Education means many things to different people but for me, it means giving the child the ability to ultimately gain employment, preferably in field that they enjoy. I was lucky to be well educated but I still arrived wholly unprepared at the Careers Advice gate. The idea of Primary Work Education is to start the preparation earlier, gently introducing children to different jobs and opening their minds to the opportunities ahead of them. The key to is to keep it fun and light-hearted and the hope is that by relating school work to real jobs, children will become more motivated to focus and learn. Knowlegde is key and the more know knowledge they have, the more prepared they will be and the more options they will have.
Anyone who has explored this avenue with children will have seen their enthusiasm. As adults our natural instinct is to think that it is too serious for the kids, that we should protect them from the real world. What will surprise us most is how much the children enjoy it.
1. Motivation. By enabling children to apply what they learn in school to the outside world we increase motivation. Without Work Education in the classroom, children go through the motions without any real idea of why they are doing so. For example, when we apply the learning of 'measurements' to real life situations, such as Gordon the Filmmaker measuring baby polar bears to determine their likelihood of survival, we start putting real meaning behind the teaching and giving real motivation to the children.
2. Inspiration, Aspiration and Social Mobility. By opening young minds to a wide range of diverse jobs, we have an opportunity to inspire them before they have a chance to think 'I can't do that'. Doctors, engineers, designers - we can improve social mobility by opening up a world of jobs that some children may not get exposed to before it's too late.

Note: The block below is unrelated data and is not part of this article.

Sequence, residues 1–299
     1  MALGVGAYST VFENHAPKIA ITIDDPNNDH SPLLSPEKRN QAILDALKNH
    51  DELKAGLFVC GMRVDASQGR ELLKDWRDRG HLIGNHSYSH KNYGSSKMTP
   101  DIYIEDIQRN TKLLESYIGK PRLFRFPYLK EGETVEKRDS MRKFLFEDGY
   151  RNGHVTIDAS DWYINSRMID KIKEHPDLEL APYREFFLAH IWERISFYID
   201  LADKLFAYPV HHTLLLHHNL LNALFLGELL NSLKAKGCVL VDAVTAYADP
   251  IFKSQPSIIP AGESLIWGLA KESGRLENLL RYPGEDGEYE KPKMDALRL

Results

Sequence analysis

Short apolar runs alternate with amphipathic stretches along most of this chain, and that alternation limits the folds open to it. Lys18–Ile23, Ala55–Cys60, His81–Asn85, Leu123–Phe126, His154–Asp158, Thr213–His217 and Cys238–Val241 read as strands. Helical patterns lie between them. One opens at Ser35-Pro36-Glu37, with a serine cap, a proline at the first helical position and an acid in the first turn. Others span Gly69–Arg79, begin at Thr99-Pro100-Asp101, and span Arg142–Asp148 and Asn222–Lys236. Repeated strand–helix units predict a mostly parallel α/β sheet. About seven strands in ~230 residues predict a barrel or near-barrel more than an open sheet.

3. Preparation. Those children who have gone through the Work Education journey will be more likely to have a clearer idea of what they want to do by the end of Primary. This means they are more likely to choose the right subjects and possibly gain some work experience throughout secondary in their chosen field, thus increasing their likelihood of employment.
4. Developing a good work ethic. As parents and teachers we strive to teach good manners, numeracy and literacy. Should learning a good work ethic not be equally important? A good work ethic can lead to higher self esteem and greater independence and helps a child gain the right attitude at an early age. We know that behaviours are learned early and are difficult to change. Leaving this attitude to be learned in secondary, or beyond, is too late.
5. Employability. A strong work ethic, knowledge of the world around them, appropriately chosen subjects and perhaps some work placements in summer holidays all helps towards employability. Educating them to be employable.